teries requested by General Pope have been ordered to him. I shall push forward the troops in that direction as rapidly as possible. I shall send all troops arriving at Aquia Creek that cannot be landed quickly to Alexandria. Will telegraph you this afternoon.
A. E. BURNSIDE, Major-General.
AQUIA CREEK, VA., August 21, 1862 - 1 p. m.
(Received 1.30 p. m.)
Major General H. W. HALLECK, General-in-Chief:
I have arrived at Aquia Creek with the steamers Express and New York, 1,500 infantry of my division, Third Corps. The residue are following. The Merrimac, 2,000, refused to voyage during the night. She will leave this morning. I was directed to report to you for instructios as to landing at Aquia and at once proceeding to Fredericksburg or landing at Alexandria. My division is 7,000 marching men.
P. KEARNY, Major-General.
WASHINGTON, August 21, 1862.
To General BURNSIDE or General PARKE:
What news about arrival of troops?
Washington, August 21, 1862.
Major General PHILIP KEARNY, Aquia Creek, Va.:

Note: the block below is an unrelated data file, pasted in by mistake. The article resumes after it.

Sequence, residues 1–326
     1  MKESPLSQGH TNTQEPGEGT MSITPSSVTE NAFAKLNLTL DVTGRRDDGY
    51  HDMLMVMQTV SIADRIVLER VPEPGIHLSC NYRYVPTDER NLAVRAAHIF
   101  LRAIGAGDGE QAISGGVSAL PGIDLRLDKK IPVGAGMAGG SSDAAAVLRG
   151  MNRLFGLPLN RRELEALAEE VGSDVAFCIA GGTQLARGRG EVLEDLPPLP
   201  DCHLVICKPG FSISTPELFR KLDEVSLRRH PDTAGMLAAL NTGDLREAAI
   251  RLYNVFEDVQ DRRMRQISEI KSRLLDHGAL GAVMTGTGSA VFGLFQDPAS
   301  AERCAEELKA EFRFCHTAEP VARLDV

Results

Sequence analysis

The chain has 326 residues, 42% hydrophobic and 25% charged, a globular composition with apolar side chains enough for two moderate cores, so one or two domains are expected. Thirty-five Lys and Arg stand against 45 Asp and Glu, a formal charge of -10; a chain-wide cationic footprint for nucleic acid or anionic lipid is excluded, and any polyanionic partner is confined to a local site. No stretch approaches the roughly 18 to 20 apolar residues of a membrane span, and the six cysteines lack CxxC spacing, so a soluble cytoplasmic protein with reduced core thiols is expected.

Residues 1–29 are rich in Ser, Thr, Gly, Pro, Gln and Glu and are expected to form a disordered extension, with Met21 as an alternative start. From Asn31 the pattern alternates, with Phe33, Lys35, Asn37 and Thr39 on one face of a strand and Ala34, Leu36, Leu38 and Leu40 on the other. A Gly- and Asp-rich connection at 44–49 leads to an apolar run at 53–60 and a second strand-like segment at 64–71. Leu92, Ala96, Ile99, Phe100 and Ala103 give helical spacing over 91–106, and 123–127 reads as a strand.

Instructions have been given to General Burnside in regard to the landing of all troops. Please consult him.
H. W. HALLECK, General-in-Chief.
YORKTOWN, VA., August 21, 1862.
(Received 7 p. m.)
General M. C. MEIGS,
Heintzelman's corps has been embarked, and the last of it leaves this evening. Franklin will be embarked at Newport News to-morrow. The depot at Alexandria is far superior to Aquia in every respect. Why not disembark there? The Harrison's Landing depot was abandoned with great success. The fleet was withdrawn with much system and without any material loss. The march of the army was conducted with great deliberation and good judgment. I accompanied the general by land. Our immense trains were taken through without accident.
RUFUS INGALLS, Lieutenant-Colonel, & c.
Washington, August 21, 1862 - 3.45 p. m.
Major-General BURNSIDE, Falmouth, Va.:
Assistant Secretary Tucker suggests that Heintzelman's corps, being in vessels of heavy draught, had better be landed at Alexandria. Do